“Obama put trump on the spot”: the media’s response to new sanctions

The New York Times

Although this certainly may not be enough to ensure action has been taken too late, but there is no doubt of the correctness of the decision of President Obama to retaliate against Russia for hacking American computers and attempts to influence the result of the presidential election in 2016.

With his hand would have been much irresponsible to leave his post next month to allow President Vladimir Putin to think that he may with impunity attempt to undermine American democracy. This would be especially dangerous legacy, given the alarming proximity of the elected President of Donald trump Putin and his stubborn refusal to agree with the conclusion of American intelligence agencies that cyber attacks Russia helped him and beat Hillary Clinton.

Before it was announced Obama’s decision, President-elect dismissively told reporters that Americans should “go about their lives” and forget about the hacking scandal. This idea is much more desired than real.

The Washington Post

The Obama administration announced a new, radical measures against Russia in response to what U.S. officials characterize as interference in the election of the presidential race. From the country of the exiled Russian “scouts” sanctions imposed on Russian government agencies and of persons suspected of involvement in hacking U.S. computer systems.

Acts committed by Obama only a few weeks before leaving the White house, became the climax which lasts for several months within the U.S. debate about how to respond to provocations committed by the Russian side. In recent months, the FBI and the CIA concluded that Russia has repeatedly intervened in the election of the US President in 2016, creating information to help Donald Trump win over Hillary Clinton.

The decision on new sanctions is an act of Executive power, so it can be cancelled next administration. But these Obama’s actions, performed before leaving the White house will certainly have a lot of pressure on trump, who previously had largely to fend off accusations against Russia.


Sanctions US President Barack Obama will be a big test for Republicans in Congress, who are torn between the formed over the past decades the principles of his party and the cordial relations of its new standard-bearer with Russian President Vladimir Putin.

Democrats have already attempted to exploit this rift by developing legislation that will make it difficult to Trump the ability to unilaterally roll back a new anti-Russian sanctions Obama.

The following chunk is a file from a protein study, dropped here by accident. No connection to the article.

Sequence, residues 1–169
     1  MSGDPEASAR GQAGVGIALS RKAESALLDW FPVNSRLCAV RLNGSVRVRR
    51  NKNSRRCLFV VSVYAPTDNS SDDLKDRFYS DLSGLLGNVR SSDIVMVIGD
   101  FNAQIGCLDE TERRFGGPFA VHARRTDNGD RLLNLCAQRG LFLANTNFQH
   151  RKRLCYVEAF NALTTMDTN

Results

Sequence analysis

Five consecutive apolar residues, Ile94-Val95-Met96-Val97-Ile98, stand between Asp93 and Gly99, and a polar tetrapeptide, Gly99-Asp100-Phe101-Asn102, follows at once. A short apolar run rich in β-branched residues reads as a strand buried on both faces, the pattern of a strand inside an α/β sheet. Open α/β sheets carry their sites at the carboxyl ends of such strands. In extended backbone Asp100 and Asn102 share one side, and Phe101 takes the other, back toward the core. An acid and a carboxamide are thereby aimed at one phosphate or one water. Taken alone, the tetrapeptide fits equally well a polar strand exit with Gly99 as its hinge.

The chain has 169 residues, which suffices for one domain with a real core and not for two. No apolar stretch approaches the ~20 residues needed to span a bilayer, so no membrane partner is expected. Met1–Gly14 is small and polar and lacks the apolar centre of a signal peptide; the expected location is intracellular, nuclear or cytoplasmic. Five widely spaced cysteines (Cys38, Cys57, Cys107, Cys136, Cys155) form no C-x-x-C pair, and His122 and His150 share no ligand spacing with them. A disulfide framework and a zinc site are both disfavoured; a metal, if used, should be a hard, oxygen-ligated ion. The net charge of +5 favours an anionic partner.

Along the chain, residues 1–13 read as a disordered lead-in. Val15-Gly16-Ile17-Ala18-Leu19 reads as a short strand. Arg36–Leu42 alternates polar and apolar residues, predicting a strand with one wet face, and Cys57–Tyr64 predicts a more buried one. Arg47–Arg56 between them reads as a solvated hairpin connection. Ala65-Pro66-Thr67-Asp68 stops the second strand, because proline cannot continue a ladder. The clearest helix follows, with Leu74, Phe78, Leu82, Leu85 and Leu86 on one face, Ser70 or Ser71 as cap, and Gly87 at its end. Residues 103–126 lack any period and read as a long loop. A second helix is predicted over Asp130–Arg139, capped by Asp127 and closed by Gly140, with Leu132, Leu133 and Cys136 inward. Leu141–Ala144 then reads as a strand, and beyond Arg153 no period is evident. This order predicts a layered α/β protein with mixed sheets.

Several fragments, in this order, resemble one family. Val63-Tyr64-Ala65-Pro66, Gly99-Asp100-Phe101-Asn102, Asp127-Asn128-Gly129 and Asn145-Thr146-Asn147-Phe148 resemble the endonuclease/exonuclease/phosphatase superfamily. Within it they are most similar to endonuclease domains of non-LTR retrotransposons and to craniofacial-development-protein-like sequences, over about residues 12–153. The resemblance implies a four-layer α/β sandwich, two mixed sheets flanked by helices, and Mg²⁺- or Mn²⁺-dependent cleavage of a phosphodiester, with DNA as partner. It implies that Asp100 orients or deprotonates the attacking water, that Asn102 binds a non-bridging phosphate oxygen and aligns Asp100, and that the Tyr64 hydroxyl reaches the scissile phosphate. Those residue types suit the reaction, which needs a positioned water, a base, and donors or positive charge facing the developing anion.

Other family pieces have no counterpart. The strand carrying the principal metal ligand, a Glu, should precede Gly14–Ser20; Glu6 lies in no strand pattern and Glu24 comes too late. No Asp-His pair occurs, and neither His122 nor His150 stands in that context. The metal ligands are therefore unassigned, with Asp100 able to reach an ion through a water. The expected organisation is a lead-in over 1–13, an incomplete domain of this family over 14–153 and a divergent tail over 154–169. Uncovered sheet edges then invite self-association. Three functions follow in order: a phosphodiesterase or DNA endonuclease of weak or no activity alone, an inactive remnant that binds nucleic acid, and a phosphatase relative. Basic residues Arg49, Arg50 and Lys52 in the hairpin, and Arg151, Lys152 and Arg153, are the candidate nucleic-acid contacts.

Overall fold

The goal of their actions is to put Republicans in a difficult position in which they can either soften its longstanding hostility to Russia, thereby giving the opportunity to accuse him of hypocrisy, or to challenge Trump, who a day earlier, in fact, refused the accusations of Russia, saying that “we need to go about their lives.”

USA Today

Everything is clear as day: Obama put trump in his continued failure to criticize the Russian leader to accept evidence that Russia intervened in the presidential campaign by hacking servers of the National Committee of the Democratic party and high-ranking members of team Hillary Clinton.

Trump will be able to cancel new sanctions after the swearing in on January 20. However, a senior representative of the Obama administration already said that such actions trump can be committed to them only if he wants the return of a large number of Russian agents back to the United States.

Any attempt by trump to lift the sanctions can also drive a wedge between him and Republican leaders on Capitol hill. Influential Republican senators John McCain and Lindsey Graham said they would do everything possible to conduct in the new Congress for tougher sanctions against Russia.

Chicago Tribune

Today marked the lowest point in U.S. relations with Russia, which suffered greatly during the years of the Obama administration, which took place in his constant battles with Putin over Ukraine, Snowden and Bashar al-Assad. The representative of the Russian foreign Ministry Maria Zakharova even wrote in his Facebook post, in which he called the Obama administration “a group of angry and narrow-minded foreign policy losers.”

The new sanctions are unlikely to have a significant effect on the activity of Russian intelligence in the United States. They freeze any U.S. assets falling under the suspicion of persons and prohibit U.S. citizens have common cause with them. This prohibition, representatives of the intelligence agencies on the possession of assets in the United States is already contained in the Russian legislation, as regards to some events on the American territory, to define their place and participants will be problematic due to the fact that they will be of a clandestine nature.